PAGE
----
I wonder how many folk have gone the following route. “I need amplification” (Naim); “I need a source” (Linn, pre-CD days); “I want to record” (Nakamichi). It is very familiar to me.
Here’s a photograph of a little back up system. Amps are NAC 112/NAP 200. The (fully functioning) tape deck is a Nakamichi DR3. It sounds lovely through (out of picture) a pair of very old ATC SCM 20 speakers The little box on top is a portable Roland digital recorder, great when you don’t want to set up mics etc. CD player ATC CD2. It’s all
Yup, recording is fun. I still record to tape - cassette and reel to reel - but most recording these days I do from analogue sources (reel tape and 45rpm 12" singles) to hi-res digital file. My favourite digital recorders are the Marantz PMD661 and PMD671, and the Sony PCM-D50 (I upgraded to a D100 but came back to the D50 as I preferred the playback sound quality - go figure!). The PMD671 I particularly like, not just because it performs really well, but also because it connects and operates just like a pro portable cassette deck.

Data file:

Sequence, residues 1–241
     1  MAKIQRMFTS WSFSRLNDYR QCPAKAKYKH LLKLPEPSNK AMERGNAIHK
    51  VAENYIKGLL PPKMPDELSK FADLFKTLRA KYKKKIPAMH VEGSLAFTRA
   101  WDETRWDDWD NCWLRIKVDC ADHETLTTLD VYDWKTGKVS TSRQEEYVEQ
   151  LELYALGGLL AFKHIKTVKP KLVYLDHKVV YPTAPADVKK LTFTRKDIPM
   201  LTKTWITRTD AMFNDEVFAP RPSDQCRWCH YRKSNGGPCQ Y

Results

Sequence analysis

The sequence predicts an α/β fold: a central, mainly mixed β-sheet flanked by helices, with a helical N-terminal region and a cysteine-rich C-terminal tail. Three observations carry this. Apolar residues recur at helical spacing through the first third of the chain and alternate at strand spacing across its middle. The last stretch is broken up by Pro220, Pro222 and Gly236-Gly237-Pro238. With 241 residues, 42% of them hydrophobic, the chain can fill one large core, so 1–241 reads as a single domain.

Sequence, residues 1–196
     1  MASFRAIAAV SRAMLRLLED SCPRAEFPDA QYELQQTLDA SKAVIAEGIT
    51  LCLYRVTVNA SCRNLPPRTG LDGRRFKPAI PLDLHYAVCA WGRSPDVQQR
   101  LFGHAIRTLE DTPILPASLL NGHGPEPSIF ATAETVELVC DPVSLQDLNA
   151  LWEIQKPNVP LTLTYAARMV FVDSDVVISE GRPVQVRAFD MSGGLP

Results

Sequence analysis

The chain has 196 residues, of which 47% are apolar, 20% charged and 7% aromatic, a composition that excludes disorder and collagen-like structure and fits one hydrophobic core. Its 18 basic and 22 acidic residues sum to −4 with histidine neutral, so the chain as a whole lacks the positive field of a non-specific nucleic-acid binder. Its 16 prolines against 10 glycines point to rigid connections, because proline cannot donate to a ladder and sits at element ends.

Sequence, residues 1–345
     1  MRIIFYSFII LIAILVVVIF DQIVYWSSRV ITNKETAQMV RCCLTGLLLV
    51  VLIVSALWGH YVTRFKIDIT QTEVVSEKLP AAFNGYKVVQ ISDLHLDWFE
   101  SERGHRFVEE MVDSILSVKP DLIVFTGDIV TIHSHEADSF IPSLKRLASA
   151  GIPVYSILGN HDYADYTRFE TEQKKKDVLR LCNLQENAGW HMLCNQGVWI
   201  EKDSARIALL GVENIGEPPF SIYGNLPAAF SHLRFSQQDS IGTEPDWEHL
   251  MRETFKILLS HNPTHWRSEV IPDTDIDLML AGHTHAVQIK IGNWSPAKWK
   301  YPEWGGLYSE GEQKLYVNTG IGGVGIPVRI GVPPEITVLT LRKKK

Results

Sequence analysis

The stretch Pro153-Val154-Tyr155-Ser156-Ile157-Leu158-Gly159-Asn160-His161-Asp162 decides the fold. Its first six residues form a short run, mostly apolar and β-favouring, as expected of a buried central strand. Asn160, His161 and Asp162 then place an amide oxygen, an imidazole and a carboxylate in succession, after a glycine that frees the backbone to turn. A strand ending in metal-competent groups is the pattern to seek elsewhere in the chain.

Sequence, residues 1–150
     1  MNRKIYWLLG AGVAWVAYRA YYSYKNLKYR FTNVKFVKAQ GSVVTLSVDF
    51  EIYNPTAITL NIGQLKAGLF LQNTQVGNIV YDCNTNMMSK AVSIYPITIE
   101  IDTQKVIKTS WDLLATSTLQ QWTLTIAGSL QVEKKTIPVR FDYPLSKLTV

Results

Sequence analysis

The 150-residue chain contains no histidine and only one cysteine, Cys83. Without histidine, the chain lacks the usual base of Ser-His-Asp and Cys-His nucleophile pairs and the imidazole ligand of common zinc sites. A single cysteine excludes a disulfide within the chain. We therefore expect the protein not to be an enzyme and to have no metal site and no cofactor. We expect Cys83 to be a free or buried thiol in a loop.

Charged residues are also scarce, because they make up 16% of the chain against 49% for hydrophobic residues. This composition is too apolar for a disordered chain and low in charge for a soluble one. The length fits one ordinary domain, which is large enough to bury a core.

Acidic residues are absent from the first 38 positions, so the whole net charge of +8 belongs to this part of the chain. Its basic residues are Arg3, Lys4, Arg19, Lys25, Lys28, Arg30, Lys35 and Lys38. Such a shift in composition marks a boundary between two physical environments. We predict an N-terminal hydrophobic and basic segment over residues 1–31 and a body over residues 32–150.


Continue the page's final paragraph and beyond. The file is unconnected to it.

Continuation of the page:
I love recording still, i guess it takes me back to sunday nights and the top 40.
Tape can still sound good with the right gear. I personally like the dynamics the elcaset has just a shame it died before it could get going.
But the elcaset is easily the best recording cassette tape i have had the pleasure to use
When recorded at 24bit 96kHz the recording holds up surprisingly well. Losses are pretty small and subtle. I don’t clean up my digital recordings or subject them to any post recording processes - do that and you definitely lose something, so best left be, with chopping into individual tracks being all that’s needed.